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Historical time and place paradox

  1. Jun 5, 2014 #1
    So, I have an idea to write a (sort of) "time travel" story in which future historians are able to transport a non-intrusive (possibly mass-less) viewport to various important events in history (and then accidentally incinerate Mohenjo-Daro with this technology, thus explaining certain Vedic myths and fused glass found at archaeological sites :-).

    I try to keep my stories as accurate as possible to the laws of physics, but I am having a tough time reconciling where these events actually took place in the past (in reference to where the Earth is now in space), since special relativity states that there is no "absolute" time or space reference. I do understand very basic quantum physics and relativity, and can calculate "calibrations" for this hypothetical time machine, but only in reference to other fixed places in the Universe such as the center of our galaxy or the Virgo super-cluster, etc. I even read one thread that stated that the earth is moving at something like 677 +/- 22 kps from the cosmic background radiation, but it did not give a three dimensional vector direction.

    My instinct tells me that since that every point in the Universe can be considered the "center" since if you travel far enough back in time from any point, you will arrive at the same exact point of the Big Bang singularity. Einstein's equations and Lorentz transformations will confirm this when you compensate for time dilation and length contraction, assuming the Universe is expanding (post inflation period) at a rate where the Limit of V → C. This is where my brain hits the brick wall of absurdity and counter-intuitiveness since surely solid matter such as the Earth IS moving through three dimensional Cartesian space relative to two arbitrary times in its history, right?

    I guess my main question is: what would be the best way to reconcile this "past position paradox": Using that background radiation relative motion, or having scientists figure it out empirically beforehand using very short periods of time to establish some sort of "universal velocity" constant or equation? Hmmm... I think I may have just answered my own question, but I am still curious how one would calculate displacement through time without a relative reference frame.

    Thanks in advance...
    Last edited by a moderator: Jun 6, 2014
  2. jcsd
  3. Jun 6, 2014 #2

    Vanadium 50

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    Don't bring it up.
  4. Jun 7, 2014 #3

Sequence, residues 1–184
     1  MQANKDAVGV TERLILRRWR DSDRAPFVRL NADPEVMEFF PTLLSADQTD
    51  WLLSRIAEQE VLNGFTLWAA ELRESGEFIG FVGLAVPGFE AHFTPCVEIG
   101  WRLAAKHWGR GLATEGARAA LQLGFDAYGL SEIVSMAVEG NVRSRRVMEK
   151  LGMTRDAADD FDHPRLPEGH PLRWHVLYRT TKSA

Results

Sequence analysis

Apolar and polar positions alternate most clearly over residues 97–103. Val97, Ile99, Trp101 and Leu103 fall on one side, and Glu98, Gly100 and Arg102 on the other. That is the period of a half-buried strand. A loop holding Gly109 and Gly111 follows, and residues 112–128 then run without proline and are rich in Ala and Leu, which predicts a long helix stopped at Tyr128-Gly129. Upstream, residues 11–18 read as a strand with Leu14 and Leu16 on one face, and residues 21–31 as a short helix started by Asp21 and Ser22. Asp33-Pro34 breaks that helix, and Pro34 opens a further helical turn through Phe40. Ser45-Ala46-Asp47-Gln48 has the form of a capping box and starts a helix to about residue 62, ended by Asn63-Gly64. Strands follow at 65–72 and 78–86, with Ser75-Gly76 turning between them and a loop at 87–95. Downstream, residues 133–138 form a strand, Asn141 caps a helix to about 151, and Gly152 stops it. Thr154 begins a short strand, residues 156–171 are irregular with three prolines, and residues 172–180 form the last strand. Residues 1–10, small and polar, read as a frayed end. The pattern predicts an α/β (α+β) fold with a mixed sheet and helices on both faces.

Gee, that's what every single sci-fi writer since Jules Verne has done when dealing with the subject. Excuse me for attempting to bring the slightest bit if creative intelligence to the genre...
  5. Jun 7, 2014 #4

    Vanadium 50

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    Well technically, you were trying to bring our creative intelligence to the genre. And Jules Verne did not write about time travel.

    But what H.G. Wells and others recognized is that either this not relevant to the story, or if it is, what is required is a description, not an explanation. Which is why they came to the same conclusion I posted - don't bring it up.
  6. Jun 7, 2014 #5
    The dipole anisotropy of the background radiation provides a three dimensional velocity vector.

    If I understand you problem correctly than it is limited to a universe with perfect homogeneous energy distribution. In such a case you wouldn't need any references at all. But our universe is full of reference objects that could be used to locate specific points in time-space.
  7. Jun 9, 2014 #6
    Fair enough. in hindsight my original post is somewhat rambling and unclear. Sorry for the sarcasm...
  8. Jun 9, 2014 #7


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    Maybe think more 4 dimensionally. Don't go back to a place and time go back to an event. Track where you want to go by going to events. So, instead of going back to 1865, go back to the assassination of Lincoln.
    Last edited: Jun 9, 2014
  9. Jun 9, 2014 #8

    This is exactly what I was looking for - CMBR dipole anisotropy:

    "From the CMB data it is seen that our local group of galaxies (the galactic cluster that includes the Solar System's Milky Way Galaxy) appears to be moving at 369±0.9 km/s relative to the reference frame of the CMB (also called the CMB rest frame, or the frame of reference in which there is no motion through the CMB) in the direction of galactic longitude l = 263.99±0.14°, b = 48.26±0.03°."

    Add to that the angular velocity orbits of the sun and Earth, and Earth's rotation, and I should be able calculate a velocity relative to this "CMB rest frame". It may not be valid or even meaningful, but is at least original "techno-babble" as far as time travel fiction goes, IMO.

  10. Jun 10, 2014 #9


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    A correction: the ~370 km/s is not the velocity of the Local Group w/r to CMBR, but the heliocentric velocity in that frame. It's what an observer on the Sun would deduce from the anisotropy.

    The LG velocity needs to be calculated by adding Sun's orbital and proper velocities, and the velocity of Milky Way w/r to the LG's centre of mass.

    Have a look here:
    page 379

    The chapter goes through all those steps. It's got some numbers that you may use if you really want to go that way.
    Although I don't know why would your time machine care about this particular reference frame, and not for example, perhaps more in tune with the curving of the space-time theme, the frame of the nearest major gravity well(i.e., Earth). But I suppose time machines are weird like that.
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